The machine learning algorithms are developed by gathering and labelling all the images taken during aircraft inspections – using the expertise of aircraft engineers – as well as their metadata (location, exposure, focal length, resolution, aircraft type, environmental conditions). Based on these labels, the machine learning models learn to perform object detection – or in this case damage detection – predicting its location and type in an image. To ensure correct predictions, this data must contain enough examples of types of damage and cover all possible situations, including being outdoors or in bad lighting.

‘We are in the process of gathering data for a collection of damage types that are consistent with the definitions in the maintenance manuals of the OEMs,’ von der Goltz explained. ‘Examples of those damage types are lightning strikes, dents, cracks and paint chippings.’

With the data that drones collect after a complete inspection, it is possible to create a digital 3D copy of the aircraft, known as a digital twin. This consists of visual information from the complete fuselage, wing and tail section of the aircraft. Once the algorithms identify any damage, they can be mapped to the digital twin and brought to the attention of aircraft engineers, offering them the chance to assess them in further detail if necessary. The digital twin can also be compared to that of an earlier inspection, to indicate any changes that have since taken place. This can also be used to highlight anomalies that may require further inspection.

Mainblades’ drone navigates using lidar and captures images of an aircraft’s fuselage using an HD camera and zoom lens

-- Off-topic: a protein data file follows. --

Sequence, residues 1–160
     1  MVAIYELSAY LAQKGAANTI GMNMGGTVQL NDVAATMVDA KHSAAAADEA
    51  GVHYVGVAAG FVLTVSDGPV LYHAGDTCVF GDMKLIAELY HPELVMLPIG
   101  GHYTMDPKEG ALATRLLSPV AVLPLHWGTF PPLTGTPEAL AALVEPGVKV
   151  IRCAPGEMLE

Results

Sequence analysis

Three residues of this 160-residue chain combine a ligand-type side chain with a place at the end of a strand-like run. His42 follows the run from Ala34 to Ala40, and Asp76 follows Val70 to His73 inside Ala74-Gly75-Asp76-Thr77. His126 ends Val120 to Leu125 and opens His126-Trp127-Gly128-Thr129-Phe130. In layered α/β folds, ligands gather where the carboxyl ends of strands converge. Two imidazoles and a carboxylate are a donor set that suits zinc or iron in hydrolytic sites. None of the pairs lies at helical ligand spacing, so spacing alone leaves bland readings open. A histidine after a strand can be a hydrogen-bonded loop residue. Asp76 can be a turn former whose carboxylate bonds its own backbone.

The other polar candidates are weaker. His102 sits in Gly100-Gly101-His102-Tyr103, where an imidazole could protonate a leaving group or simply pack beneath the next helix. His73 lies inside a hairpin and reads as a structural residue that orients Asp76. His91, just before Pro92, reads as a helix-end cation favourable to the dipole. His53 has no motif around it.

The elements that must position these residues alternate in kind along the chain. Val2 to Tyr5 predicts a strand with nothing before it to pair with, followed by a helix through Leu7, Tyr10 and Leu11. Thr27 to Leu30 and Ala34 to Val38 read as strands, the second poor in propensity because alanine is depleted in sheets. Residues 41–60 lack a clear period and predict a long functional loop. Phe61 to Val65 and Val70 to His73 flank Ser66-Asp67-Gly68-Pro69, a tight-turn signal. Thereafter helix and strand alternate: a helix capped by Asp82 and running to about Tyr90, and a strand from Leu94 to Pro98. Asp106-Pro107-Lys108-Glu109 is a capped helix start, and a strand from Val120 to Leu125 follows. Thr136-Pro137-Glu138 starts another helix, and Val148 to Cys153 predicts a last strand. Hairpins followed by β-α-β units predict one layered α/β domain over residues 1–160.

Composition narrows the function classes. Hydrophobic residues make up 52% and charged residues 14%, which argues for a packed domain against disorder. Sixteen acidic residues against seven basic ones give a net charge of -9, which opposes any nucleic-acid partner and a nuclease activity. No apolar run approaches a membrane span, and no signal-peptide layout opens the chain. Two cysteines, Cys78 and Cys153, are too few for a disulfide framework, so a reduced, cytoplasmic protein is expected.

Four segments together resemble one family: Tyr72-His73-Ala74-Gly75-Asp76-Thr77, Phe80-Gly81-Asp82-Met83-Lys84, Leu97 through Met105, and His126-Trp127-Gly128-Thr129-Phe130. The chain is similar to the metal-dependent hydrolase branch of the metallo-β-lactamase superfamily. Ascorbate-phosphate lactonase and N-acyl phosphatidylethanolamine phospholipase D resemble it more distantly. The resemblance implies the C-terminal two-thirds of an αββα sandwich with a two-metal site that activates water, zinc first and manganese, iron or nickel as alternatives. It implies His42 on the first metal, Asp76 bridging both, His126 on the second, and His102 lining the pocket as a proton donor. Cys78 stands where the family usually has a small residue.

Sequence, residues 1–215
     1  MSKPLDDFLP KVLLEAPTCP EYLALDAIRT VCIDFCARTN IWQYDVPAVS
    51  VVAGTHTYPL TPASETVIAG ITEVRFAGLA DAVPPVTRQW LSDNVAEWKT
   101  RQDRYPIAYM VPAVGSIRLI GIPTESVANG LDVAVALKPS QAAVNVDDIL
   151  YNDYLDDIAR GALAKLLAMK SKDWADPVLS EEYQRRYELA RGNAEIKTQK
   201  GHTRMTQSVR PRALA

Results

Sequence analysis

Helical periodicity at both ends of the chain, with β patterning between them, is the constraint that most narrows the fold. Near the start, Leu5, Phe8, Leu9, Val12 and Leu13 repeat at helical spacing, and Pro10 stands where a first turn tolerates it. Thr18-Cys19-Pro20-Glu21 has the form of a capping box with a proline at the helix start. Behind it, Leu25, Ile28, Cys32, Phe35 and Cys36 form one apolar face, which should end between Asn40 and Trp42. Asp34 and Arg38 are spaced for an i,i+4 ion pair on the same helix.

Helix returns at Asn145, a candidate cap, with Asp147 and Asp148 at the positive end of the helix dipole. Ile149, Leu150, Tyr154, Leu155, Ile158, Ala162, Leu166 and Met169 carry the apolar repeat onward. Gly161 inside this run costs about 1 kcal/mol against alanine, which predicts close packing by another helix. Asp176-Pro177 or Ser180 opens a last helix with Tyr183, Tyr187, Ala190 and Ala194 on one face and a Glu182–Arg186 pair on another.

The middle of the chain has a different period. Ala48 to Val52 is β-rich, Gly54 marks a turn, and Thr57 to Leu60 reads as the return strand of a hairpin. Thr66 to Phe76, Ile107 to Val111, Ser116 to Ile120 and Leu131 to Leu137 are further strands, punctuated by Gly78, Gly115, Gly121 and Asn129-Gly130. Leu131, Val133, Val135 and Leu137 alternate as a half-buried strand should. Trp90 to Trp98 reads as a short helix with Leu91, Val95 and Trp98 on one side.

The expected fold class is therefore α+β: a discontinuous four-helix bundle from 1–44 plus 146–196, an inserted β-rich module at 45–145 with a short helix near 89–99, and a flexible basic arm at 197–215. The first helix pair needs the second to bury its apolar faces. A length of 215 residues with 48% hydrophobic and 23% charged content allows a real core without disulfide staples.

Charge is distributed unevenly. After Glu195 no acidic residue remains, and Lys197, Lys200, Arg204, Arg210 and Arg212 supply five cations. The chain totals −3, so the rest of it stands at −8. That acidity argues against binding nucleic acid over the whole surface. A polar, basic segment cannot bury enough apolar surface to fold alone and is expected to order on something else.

Once an airline adopts drone technology and gathers more data through automated inspection, it will gradually be able to identify maintenance patterns and predict when repairs need to be done, increasing overall efficiency.

Cutting red tape

Drone visual inspections have already captured the interest of major aerospace firms, with Airbus, EasyJet, American Airlines, Austrian Airlines and Air New Zealand having already trialled the technology.

Mainblades is now working on getting its drone technology validated by maintenance, repair and overhaul organisations for use in aircraft inspection, as well as certifying it with the EU Aviation Safety Agency, in co-operation with the Dutch civil aviation authority, for outdoor flights at an airport. The firm envisions that in one or two years, its drones will be fully certified for performing maintenance operations in controlled airspace, allowing them to work hand-in-hand with aircraft engineers to perform aircraft visual inspection.